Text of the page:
Tortoise shell

The cat was a large and handsome animal, its fur thick and deep, brindle. Or tortoise shell? When was the last time Shay had seen something made out of tortoise shell? Her grandmother’s set of combs? Her fingers rub the cat’s warm belly. Her grandmother’s house had been her model of fantasy worlds. Rich and dark textures. Every piece of furniture was arcane and specific to a purpose, from the roll-top writing desk with its hundred tiny draws, to the cutlery caddy that opened up a green felt chamber in which all the ivory handled silverware waited in their precisely fitted positions. Even the wood of these wonders wasn’t the wood of the rest of the world. A thousand dark shades, a thousand patterns of grain and knot, arranged as inlays or in a symmetry that seemed magical – like the far edge of a lake, where the land meets its mirror.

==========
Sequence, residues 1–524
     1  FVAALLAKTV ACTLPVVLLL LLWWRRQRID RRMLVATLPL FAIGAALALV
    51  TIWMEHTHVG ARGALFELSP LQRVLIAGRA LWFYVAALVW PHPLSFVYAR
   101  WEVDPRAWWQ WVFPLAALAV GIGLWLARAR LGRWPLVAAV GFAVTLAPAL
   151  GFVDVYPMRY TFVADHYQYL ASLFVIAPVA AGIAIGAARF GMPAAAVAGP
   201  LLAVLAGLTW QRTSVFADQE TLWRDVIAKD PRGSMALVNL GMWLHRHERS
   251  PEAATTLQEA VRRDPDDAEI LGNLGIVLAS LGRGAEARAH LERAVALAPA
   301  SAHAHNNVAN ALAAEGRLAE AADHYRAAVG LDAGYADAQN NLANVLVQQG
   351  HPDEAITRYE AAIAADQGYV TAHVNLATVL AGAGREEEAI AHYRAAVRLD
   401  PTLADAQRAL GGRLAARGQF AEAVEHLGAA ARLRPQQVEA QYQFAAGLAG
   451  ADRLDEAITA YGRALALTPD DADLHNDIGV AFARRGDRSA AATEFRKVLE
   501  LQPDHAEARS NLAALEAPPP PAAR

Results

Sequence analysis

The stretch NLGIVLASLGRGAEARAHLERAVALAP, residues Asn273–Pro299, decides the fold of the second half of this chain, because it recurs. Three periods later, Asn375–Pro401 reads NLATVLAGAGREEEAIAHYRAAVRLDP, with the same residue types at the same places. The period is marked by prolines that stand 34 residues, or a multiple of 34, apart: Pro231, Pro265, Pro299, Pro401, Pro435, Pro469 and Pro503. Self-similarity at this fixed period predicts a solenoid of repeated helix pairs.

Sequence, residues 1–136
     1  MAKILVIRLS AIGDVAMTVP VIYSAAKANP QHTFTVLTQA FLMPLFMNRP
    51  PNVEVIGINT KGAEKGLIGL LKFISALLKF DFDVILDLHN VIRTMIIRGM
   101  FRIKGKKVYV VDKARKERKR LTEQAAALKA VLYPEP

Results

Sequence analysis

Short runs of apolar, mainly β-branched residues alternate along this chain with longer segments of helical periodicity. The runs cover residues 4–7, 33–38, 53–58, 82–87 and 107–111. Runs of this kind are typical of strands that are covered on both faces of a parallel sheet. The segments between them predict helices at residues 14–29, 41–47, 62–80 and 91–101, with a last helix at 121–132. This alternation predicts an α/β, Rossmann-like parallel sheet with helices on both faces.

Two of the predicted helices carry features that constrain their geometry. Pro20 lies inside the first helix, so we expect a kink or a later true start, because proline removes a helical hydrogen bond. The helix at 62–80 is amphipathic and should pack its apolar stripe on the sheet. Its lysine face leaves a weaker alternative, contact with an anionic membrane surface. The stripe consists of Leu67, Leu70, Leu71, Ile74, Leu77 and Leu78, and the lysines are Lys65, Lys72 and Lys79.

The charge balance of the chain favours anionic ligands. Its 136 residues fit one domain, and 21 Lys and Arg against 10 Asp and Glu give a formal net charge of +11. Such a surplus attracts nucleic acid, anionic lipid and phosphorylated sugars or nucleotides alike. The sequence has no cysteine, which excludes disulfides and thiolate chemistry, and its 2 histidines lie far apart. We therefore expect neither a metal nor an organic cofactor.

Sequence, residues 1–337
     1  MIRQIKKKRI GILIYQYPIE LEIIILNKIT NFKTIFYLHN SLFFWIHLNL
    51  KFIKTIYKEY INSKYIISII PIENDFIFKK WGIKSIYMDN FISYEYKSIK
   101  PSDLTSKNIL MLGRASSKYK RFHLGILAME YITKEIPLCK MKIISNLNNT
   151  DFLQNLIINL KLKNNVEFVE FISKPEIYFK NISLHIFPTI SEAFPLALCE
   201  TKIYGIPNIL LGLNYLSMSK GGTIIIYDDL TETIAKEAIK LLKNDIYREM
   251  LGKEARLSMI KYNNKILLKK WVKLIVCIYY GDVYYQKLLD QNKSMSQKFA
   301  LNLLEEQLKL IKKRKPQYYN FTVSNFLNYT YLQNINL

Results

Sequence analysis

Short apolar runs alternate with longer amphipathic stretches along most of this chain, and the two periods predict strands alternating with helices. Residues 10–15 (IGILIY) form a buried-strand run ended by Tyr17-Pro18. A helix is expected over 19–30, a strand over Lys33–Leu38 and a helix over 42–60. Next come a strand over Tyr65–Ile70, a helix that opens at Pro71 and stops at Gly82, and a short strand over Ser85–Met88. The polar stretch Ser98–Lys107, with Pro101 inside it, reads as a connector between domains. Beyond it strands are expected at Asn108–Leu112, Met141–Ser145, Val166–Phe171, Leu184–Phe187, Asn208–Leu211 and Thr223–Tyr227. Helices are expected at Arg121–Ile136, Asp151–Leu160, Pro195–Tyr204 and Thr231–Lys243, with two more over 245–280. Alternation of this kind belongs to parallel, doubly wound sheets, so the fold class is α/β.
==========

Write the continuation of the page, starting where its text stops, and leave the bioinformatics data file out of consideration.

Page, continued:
Shay was twenty when they moved her grandmother out of her old house and into a care home. Twenty when they sold the treasures. The only thing that went with her grandmother to the place that could never be her home was a little vanity table. Her tortoise shell combs in their silver case in one of the secret drawers. Thirty-three now, Shay wonders what happened to the table and to the combs. The cat purrs, its ear flicks.

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About Jon Keevy

Jon Keevy is a writer of stories and plays and also runs Alexander Bar's Upstairs Theatre.
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